Women have higher rates of diabetes, high blood pressure, high cholesterol and depression than men, and for ethnic minority women, the risks and burden are even greater. Now public health and policy leaders are trying to bridge that gap.
City of Hope’s Kimlin Tam Ashing-Giwa, Ph.D., professor of population sciences and director of the Center of Community Alliance for Research & Education, recently led more than two dozen health experts in a discussion as part of the Women’s Health Policy Summit. The Los Angeles County Office of Women’s Health organized the event in late May.
“Ethnic minorities experience high incidence of chronic diseases and suffer disproportionately from chronic morbidity and mortality due to illnesses,” said Ashing-Giwa. “It’s an indication that treatment for an initial diagnosis and follow-up care are less than optimal for large segments of the population.”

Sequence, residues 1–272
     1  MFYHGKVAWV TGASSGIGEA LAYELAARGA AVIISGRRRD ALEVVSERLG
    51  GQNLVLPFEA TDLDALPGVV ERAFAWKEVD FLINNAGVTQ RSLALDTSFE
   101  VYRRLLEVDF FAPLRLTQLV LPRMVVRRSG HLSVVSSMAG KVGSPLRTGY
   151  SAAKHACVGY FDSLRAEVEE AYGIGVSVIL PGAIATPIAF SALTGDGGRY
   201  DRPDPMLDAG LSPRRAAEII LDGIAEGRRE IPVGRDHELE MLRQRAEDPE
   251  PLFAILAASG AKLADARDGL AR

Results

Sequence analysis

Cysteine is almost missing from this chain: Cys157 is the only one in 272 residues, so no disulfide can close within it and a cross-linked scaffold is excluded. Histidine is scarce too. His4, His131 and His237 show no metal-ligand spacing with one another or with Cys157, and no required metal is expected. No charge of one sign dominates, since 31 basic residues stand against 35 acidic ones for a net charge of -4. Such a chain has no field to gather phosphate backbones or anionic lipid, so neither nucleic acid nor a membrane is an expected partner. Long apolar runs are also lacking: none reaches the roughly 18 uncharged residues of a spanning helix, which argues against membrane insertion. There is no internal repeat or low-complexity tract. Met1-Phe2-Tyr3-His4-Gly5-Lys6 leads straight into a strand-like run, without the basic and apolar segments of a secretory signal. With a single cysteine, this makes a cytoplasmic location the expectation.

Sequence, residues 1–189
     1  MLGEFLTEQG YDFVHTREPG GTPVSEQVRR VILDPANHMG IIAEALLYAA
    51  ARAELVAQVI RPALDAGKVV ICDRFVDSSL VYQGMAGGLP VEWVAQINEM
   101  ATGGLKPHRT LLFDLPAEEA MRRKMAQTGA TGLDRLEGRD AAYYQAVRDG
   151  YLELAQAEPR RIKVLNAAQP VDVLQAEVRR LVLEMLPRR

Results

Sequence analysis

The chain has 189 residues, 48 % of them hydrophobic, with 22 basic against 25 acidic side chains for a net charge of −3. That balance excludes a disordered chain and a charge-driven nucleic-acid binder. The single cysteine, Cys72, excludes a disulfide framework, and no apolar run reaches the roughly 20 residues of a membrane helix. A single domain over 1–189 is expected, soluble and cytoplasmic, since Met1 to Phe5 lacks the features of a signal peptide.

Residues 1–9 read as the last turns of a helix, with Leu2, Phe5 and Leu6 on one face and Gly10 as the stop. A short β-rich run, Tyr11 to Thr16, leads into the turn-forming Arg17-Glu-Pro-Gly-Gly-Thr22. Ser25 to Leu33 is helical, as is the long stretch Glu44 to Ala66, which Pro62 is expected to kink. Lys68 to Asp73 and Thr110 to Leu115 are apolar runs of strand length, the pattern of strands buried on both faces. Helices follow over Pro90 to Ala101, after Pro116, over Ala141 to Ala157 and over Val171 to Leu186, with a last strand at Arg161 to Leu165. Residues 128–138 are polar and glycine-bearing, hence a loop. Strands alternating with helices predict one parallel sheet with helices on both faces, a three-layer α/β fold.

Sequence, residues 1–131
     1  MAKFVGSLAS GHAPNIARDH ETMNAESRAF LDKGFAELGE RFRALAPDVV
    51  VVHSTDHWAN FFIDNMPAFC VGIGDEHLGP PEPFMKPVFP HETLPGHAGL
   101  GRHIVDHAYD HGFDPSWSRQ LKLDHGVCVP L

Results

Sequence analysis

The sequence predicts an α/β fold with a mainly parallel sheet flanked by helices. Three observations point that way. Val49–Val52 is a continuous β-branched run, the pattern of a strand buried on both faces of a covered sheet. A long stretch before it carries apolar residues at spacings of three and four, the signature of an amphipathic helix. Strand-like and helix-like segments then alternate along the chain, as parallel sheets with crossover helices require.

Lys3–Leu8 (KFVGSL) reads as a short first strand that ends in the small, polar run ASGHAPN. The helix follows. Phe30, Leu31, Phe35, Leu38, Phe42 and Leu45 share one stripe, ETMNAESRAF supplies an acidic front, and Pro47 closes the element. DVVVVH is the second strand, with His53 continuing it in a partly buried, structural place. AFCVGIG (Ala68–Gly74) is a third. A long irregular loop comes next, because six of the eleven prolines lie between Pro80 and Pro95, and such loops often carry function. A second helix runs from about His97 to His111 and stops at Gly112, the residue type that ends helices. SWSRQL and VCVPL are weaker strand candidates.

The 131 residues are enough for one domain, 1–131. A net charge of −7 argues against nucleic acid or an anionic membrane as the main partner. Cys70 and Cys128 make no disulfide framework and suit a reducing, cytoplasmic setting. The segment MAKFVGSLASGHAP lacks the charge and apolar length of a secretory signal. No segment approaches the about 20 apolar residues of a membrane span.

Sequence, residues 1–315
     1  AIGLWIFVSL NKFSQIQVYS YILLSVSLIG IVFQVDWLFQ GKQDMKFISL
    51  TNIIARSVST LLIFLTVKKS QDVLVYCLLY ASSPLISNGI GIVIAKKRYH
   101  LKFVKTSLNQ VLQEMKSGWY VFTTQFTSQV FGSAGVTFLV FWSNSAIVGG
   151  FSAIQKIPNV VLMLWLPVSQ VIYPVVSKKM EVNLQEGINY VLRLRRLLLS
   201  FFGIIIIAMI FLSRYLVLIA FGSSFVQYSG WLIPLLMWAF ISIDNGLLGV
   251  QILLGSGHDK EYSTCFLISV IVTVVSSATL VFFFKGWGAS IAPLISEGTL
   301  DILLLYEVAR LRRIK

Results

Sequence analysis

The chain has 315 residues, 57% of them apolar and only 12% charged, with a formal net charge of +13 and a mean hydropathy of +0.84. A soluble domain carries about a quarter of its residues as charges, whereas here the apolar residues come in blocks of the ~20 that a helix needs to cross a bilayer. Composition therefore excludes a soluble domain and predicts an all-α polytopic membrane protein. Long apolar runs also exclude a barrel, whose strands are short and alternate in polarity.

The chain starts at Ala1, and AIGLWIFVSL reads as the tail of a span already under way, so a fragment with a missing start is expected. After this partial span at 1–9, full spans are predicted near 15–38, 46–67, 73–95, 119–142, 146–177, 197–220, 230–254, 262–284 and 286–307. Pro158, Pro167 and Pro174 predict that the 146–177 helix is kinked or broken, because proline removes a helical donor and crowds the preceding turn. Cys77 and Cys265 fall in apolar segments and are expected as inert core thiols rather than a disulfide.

Group members focused on racism, multiculturalism and health and identified critical changes needed in access to health care, disease prevention and quality of care.
The group submitted its findings to the Los Angeles Department of Health as attainable goals for the next two to three years. County officials are obligated to consider the goals.
“The first steps to securing effective public policy always include convening all stakeholders, identifying serious issues and agreeing on goals,” Ashing-Giwa said. “We’ve made a good start in the process. Now we have to do what any good doctor or health-care provider does with a patient — provide the best treatment and follow-up, and provide the structures and support that foster healthy communities.
“Otherwise, we won’t see better health results.”